since his workload is seasonal.

I'm not sure how to determine my rate. I live in upstate NY, but the CAD
work would be nationwide. I have a B.S. in architecture, 4 years
professional work experience (but over 10 years CAD experience), and have
worked on several high-profile projects, including a nationally televised
sporting event.

If I were to double my current hourly rate as some people recommend, my
freelance rate would be around $46. I'm not sure if that is high or low.
I'm also wondering if it would be prudent to have a minimum price, since due
to the nature of the work it would take less and less time to complete the
projects (I could re-use previous work). Any insight would be appreciated!
Distinguished Contributor
kevinpchandler
Posts: 572
Registered: ‎01-30-2008
Message 5 of 17 (8,487 Views)

Re: Freelance Rate?

03-31-2008 10:40 AM in reply to: jeroberts
Consider how much you want to make, too.

Factor in the other items above and:
You won't be 100% billable. You weren't before, but now you won't get paid for it.

Remember your other expenses, like office space, furniture, Internet, supplies, deadbeat clients.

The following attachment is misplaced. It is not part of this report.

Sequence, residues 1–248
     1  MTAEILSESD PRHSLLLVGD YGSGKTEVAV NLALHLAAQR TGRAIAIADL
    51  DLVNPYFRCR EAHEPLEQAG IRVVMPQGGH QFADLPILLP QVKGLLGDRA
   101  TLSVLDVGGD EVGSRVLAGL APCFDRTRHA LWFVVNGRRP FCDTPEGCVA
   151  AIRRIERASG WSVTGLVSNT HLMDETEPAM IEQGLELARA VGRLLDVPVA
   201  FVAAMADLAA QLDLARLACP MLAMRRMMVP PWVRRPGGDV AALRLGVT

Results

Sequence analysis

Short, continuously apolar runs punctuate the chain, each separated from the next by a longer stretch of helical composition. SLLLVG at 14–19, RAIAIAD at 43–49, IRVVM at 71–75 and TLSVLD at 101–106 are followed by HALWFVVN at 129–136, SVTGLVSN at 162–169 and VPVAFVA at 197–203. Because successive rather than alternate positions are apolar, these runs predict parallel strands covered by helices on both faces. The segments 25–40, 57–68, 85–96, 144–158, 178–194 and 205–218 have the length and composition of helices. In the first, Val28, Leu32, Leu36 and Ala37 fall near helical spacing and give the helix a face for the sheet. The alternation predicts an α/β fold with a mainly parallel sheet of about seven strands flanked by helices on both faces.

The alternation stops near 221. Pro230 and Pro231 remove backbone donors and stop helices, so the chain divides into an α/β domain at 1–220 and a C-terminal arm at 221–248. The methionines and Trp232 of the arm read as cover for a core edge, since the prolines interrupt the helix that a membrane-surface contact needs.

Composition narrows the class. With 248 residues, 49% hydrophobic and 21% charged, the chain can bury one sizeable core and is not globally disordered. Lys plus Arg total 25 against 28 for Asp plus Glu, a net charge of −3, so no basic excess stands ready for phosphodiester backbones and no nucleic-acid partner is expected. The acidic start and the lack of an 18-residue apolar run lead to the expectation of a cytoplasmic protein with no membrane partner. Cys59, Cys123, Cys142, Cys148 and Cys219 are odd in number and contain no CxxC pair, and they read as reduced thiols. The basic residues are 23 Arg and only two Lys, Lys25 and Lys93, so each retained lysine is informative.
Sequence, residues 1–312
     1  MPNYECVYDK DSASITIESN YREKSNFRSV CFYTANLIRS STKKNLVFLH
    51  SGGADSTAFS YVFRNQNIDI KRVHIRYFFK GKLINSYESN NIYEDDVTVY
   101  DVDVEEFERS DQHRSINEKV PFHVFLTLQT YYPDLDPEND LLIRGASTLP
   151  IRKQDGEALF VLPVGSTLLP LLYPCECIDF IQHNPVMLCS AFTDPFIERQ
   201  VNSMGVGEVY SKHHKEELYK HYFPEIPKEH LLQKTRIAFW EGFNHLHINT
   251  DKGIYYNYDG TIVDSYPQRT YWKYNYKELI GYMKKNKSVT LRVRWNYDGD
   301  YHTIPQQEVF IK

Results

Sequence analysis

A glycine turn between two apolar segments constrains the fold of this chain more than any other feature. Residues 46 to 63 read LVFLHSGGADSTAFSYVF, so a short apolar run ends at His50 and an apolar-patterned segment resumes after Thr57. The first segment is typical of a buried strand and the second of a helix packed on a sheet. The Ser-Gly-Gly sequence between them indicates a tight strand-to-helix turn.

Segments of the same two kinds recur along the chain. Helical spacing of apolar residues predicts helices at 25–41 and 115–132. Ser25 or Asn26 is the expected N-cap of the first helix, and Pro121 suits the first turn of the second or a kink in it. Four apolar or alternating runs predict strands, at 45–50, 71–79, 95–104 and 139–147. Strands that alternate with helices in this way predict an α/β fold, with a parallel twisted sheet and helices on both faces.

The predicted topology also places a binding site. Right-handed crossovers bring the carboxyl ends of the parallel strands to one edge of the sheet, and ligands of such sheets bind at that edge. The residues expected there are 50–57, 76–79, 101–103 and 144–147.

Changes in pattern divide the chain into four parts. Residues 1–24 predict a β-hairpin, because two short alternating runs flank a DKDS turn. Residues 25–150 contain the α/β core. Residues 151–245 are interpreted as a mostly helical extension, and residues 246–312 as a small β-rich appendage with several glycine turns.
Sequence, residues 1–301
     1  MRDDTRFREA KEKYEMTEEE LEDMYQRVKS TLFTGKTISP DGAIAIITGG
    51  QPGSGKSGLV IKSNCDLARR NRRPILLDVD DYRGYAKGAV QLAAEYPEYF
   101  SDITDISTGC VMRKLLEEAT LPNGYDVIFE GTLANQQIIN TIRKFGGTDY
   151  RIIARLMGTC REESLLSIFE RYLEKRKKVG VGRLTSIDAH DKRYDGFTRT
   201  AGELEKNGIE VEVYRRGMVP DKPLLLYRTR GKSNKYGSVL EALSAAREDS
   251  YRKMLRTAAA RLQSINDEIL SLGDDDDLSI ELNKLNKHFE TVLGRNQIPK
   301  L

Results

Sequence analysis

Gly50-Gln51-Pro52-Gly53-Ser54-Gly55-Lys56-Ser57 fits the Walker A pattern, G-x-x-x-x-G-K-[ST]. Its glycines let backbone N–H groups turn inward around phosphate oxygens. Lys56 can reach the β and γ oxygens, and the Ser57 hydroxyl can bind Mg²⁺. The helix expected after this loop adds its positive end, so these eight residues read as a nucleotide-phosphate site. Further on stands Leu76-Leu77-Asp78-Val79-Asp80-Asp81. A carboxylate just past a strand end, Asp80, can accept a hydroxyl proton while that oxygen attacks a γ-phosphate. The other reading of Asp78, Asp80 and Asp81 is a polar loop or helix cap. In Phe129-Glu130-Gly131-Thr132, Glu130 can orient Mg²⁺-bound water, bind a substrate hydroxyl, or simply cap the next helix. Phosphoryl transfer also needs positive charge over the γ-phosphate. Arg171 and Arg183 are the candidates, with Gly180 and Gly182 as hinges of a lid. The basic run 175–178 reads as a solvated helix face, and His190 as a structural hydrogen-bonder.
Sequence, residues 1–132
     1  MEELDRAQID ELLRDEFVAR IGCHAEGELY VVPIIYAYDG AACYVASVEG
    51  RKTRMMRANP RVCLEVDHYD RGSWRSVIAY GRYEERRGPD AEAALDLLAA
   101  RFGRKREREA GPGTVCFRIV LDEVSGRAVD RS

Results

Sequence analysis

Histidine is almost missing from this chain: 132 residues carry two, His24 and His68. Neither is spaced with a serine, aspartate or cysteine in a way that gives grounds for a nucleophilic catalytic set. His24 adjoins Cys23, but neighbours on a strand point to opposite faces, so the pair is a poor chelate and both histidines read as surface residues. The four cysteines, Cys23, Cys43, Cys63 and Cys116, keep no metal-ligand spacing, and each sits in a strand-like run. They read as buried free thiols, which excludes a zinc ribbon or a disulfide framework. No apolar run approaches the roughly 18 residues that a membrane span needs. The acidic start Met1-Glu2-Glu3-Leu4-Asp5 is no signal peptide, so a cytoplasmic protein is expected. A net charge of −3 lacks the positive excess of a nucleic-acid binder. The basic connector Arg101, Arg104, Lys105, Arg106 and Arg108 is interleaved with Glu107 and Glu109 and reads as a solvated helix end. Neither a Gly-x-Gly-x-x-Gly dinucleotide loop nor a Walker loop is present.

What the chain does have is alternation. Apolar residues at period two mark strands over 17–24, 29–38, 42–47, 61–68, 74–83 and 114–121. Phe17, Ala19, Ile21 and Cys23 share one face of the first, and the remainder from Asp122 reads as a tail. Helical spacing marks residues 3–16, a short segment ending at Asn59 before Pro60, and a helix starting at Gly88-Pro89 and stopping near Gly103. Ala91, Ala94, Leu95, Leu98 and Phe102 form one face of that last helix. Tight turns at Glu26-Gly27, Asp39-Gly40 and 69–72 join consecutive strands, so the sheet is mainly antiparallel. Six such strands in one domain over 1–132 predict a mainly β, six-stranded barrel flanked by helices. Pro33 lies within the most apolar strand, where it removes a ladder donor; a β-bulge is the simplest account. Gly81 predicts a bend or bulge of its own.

Even for a home office. you'll need a fairly clear deliniation to get the tax deductions.

You're setting up a business, so if you haven't already, check home office business sources. There are many things that will jack your rate up (if you don't want to eat them, which you may have to do when you're starting out).

As suggested above, get some tax/business advice. (While there, ask them for accounting software recommendations.)
Do your research and compile your questions first.
One thing I'm wondering is:
Since I'm getting software for free, is it true that it's not deductible and is it considered compensation (which is taxable)?

Be sure to get expenses (copies, postage, travel) in your agreements? You have your agreements set up? If not, check AIA.

Good luck to you.
*Evan Larson
Message 6 of 17 (8,487 Views)

Re: Freelance Rate?

03-31-2008 11:21 AM in reply to: jeroberts
You may be able to work it backwards. I have no idea about your area but if
for example you can be billed out to a client for $65 an hour he should be
able to pay you say $50 and have over 20% profit. I would guess though with
your location and haveing a degree and experince you should be billed at
closer to $85-$95 per hour so you should be able to charge close to $70 and
he still turns a nice profit.

Now, given the software purchase etc. you may want to vary that some with
this particular employer. Around here if we can get a half decent contract